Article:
I felt him picking me up. I must have weighed nothing. I wanted to kill him, but I could do nothing. I was worse than a child in his arms. I was a baby.
“Sheâ€™s a lovely girl,” he said. I could just make it out. “Real sweet. Know what she kept saying? ‘Don’t hurt him,'” he said, mimicking her voice, high and whiny, “‘don’t hurt him, don’t hurt him’. Pathetic.â€
I tried to punch him but he waved the weak fist away.
“Come on now,” he said, “it’s not like she’s not used to it, is it? Junkie like that, where’s the harm?”
He slapped my face, and I passed out for a time.
I came to lying in the raft. All I could see was blue. His face hung over me.
“I will kill you,” I mumbled.
“What?” he said, laughing. “You? Right. Yeah. I’ll just wait for that while you’re floating round on your raft with your little junkie whore, shall I? Jesus. Some people have got no gratitude.”
Then he cut us loose. Alone. She lay next to me. We didn’t speak. She held me, and together, we shivered through the night.
I was delirious after that. I couldn’t clear my mind. The sun nearly killed me. But I remember, she was there beside me. I remember her singing me lullabies, and feeding me. I remember her stroking the skin of my forehead. I remember her kissing my lips. I remember her stripping our clothes to make my bandages, to bind the pressure sores I’d gained from lying in one place for too long. I remember her weeping over me. She didn’t tell me what happened. She didn’t need to. I knew. I was too weak to talk, but I knew. I wanted to hold her, to weep too, but I couldn’t even talk.
I didn’t know she wasn’t feeding herself. I didn’t know she used the last of the paltry supplies you’d disposed of us with to bring me back to life. I didn’t know. The first thing I knew, I woke feeling better, and she was lying dead and cold by my side.
I woke stronger than before. I looked to the sun, rising to my right, and I knew what to do. I dropped into the water. Her skin kept me warm. And I swam. I pulled the raft, stroke by stroke, towards the sun. Towards America.
By day I swam. By day I saw ships everywhere. Sailing through the clouds overhead, majestic castles of ships with gunwhales and turrets and masts and rigging. I saw submarines surfacing beneath us, yellow and decked in party posters, announcing our welcome return. I saw great ocean liners steaming up alongside, the smiling people swarming the decks waving down at us, hoisting a rescue package and a box of chocolates down.
But no ships came.
By night I ate. I ate my way up her thighs. I ate her intestines. I ate the contents of her stomach. I ate her liver and her pancreas and her bile duct. I threw nothing away. I ate her delicate white fingers and I picked her bones clean. I ate her hair. I ate her eyes, and her nose, and her lips. I started to eat her skin off my back. I ate, then I slept.
And by day I swam.
Time passed, and I swam.
Seeing land did not make me feel happy. I swam on.
I dragged her bones onto the beach with me. I crawled through thick forest with her. I climbed with her to the top of a cliff, where I watched the waves beating down on the rocks below. I pounded her bones to dust, and I ate it all.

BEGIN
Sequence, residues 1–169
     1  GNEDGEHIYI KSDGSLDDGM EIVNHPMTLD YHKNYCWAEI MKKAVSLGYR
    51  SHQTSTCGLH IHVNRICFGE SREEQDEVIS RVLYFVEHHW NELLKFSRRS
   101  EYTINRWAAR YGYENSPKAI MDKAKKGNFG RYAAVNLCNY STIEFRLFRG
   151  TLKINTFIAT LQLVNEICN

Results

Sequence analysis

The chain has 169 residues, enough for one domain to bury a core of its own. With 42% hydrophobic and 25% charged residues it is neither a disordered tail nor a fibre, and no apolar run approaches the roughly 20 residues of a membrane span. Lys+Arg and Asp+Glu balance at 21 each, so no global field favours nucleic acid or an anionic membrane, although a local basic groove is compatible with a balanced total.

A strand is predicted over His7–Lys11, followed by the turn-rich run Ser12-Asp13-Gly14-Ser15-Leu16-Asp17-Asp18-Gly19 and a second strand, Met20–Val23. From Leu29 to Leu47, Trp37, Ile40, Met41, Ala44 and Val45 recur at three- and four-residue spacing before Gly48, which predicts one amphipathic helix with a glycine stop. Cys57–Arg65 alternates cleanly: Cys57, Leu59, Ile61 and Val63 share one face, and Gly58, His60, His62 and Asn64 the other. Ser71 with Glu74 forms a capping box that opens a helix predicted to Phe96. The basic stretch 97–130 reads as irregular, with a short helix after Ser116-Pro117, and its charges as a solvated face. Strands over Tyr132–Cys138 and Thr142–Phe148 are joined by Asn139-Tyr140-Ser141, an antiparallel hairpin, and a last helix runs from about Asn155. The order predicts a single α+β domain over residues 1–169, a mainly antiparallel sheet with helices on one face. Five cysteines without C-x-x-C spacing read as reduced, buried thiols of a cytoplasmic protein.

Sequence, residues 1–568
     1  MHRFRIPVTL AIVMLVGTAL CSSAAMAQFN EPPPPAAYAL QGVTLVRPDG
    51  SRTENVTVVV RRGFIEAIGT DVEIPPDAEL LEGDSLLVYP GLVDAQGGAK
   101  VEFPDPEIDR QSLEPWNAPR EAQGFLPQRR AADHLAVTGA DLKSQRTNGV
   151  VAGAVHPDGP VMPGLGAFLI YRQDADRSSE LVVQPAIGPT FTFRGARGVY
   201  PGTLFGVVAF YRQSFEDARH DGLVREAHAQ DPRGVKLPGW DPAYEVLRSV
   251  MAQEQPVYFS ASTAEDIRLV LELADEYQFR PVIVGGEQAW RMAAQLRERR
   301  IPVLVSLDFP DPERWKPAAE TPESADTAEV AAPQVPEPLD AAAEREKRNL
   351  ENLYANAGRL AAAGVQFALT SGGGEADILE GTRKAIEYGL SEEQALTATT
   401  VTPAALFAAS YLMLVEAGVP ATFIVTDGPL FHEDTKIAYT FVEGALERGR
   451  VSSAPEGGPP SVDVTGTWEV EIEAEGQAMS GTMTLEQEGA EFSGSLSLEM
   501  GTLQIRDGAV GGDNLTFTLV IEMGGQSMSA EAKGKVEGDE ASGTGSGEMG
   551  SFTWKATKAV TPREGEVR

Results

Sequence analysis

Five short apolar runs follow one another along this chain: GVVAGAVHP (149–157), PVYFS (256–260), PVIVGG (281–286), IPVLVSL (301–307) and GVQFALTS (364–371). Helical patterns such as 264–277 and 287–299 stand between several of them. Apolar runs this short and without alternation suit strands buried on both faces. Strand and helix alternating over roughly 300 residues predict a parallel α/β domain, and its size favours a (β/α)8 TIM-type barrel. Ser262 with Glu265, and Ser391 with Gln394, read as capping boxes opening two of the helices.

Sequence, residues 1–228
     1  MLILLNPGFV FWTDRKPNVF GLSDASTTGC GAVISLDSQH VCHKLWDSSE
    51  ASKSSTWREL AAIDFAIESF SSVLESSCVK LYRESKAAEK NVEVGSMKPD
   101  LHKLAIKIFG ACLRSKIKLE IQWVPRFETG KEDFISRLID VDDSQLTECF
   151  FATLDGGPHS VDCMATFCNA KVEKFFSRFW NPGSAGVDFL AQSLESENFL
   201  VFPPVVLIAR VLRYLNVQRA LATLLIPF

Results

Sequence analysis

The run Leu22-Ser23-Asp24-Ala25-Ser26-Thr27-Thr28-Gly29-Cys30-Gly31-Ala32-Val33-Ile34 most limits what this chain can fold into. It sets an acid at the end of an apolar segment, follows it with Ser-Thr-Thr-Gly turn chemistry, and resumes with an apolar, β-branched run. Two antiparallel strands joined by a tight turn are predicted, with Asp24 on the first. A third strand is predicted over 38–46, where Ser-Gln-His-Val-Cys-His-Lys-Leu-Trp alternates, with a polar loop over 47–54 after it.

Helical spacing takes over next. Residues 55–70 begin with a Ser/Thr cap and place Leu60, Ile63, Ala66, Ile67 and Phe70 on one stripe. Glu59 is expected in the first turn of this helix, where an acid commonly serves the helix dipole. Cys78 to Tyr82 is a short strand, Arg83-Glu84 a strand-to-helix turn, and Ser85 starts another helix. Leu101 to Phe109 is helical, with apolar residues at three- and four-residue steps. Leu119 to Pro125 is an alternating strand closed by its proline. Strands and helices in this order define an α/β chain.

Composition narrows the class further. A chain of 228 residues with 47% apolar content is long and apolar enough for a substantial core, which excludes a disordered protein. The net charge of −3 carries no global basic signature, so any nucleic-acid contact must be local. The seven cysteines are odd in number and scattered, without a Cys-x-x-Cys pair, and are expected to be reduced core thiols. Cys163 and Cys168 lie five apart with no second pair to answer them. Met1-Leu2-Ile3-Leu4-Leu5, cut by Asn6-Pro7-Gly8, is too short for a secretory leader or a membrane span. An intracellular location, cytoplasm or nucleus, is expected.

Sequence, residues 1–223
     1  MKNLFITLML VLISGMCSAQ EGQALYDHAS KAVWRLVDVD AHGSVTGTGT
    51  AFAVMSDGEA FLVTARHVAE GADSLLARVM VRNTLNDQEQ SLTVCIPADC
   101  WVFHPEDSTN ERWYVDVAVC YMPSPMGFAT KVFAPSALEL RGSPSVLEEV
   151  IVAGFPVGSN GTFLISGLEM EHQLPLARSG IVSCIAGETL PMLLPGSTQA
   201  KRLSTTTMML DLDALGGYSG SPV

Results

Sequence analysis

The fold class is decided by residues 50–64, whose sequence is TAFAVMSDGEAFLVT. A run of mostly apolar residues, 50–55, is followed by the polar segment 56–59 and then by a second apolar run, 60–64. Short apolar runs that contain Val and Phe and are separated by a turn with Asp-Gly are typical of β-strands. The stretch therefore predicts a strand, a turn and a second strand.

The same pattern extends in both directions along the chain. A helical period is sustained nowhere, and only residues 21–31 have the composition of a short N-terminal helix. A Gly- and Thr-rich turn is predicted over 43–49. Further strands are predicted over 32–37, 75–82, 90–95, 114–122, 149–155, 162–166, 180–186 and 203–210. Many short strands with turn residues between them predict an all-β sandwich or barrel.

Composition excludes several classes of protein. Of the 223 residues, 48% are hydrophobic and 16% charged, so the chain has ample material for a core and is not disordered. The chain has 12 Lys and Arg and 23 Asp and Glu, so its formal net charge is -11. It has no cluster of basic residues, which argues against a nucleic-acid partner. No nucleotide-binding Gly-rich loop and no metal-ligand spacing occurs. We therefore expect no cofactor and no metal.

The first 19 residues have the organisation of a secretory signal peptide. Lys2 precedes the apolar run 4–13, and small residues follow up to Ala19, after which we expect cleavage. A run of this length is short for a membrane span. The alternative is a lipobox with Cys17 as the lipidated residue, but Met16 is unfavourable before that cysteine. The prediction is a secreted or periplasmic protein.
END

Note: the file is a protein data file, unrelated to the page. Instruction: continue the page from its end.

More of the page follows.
We would never be apart again.
I lived off bananas and coconuts and river water. I trapped and skinned and ate forest animals. It was easy. I waited until I was strong again. It was months. And in all that time, I never thought. My mind was a blank. I woke, I ate, and I slept.
One year ago I came to Los Angeles. I got a job in the docks and I worked hard. I earned trust. I asked discreet questions. I found out about the trade in illegal immigrants. I found the right places to go. The right people to ask. A friend of a friend of a friend. And I found the ship. And I found the transit company.
And I found you.
I went to your home. You’re married. You have 3 children. They are beautiful, all girls. I watched them. They went to the park with their mother and I watched them playing on the swings. I approached them and they smiled. I sat down and asked them about their father. They said you were nice, you worked on the ocean. I told them you were a murderer and a rapist who killed my beloved. They cried then. I told their mother.
I will come for you soon.
You might apologize. But I won’t listen. You might beg. But I won’t stop.
Do you know what happiness you stole from me?
You can apologize as I grind off your toes, and your fingers, but I wonâ€™t listen. You can apologize as I flay the raw flesh from your bones, as I pluck out your eyes, grate your ears and your nose to shreds, but I wonâ€™t listen. You can apologize as I strip your body of skin, muscle, sinew, layer by layer and inch by inch until you are nothing but a babbling red freak, but I wonâ€™t listen. You can apologize and scream and weep as I take everything you have, but none of it will make me stop.
It took my beloved weeks to die, as she fed me and ravaged her own body. It will take longer for you to die. I promise. I will take you apart piece by piece, and no-one will come for you. You will scream, but no-one will save you. There is only pain left for you now.
I’m standing right in front of you.
You can see all MJG’s stories here:[album id=6 template=compact]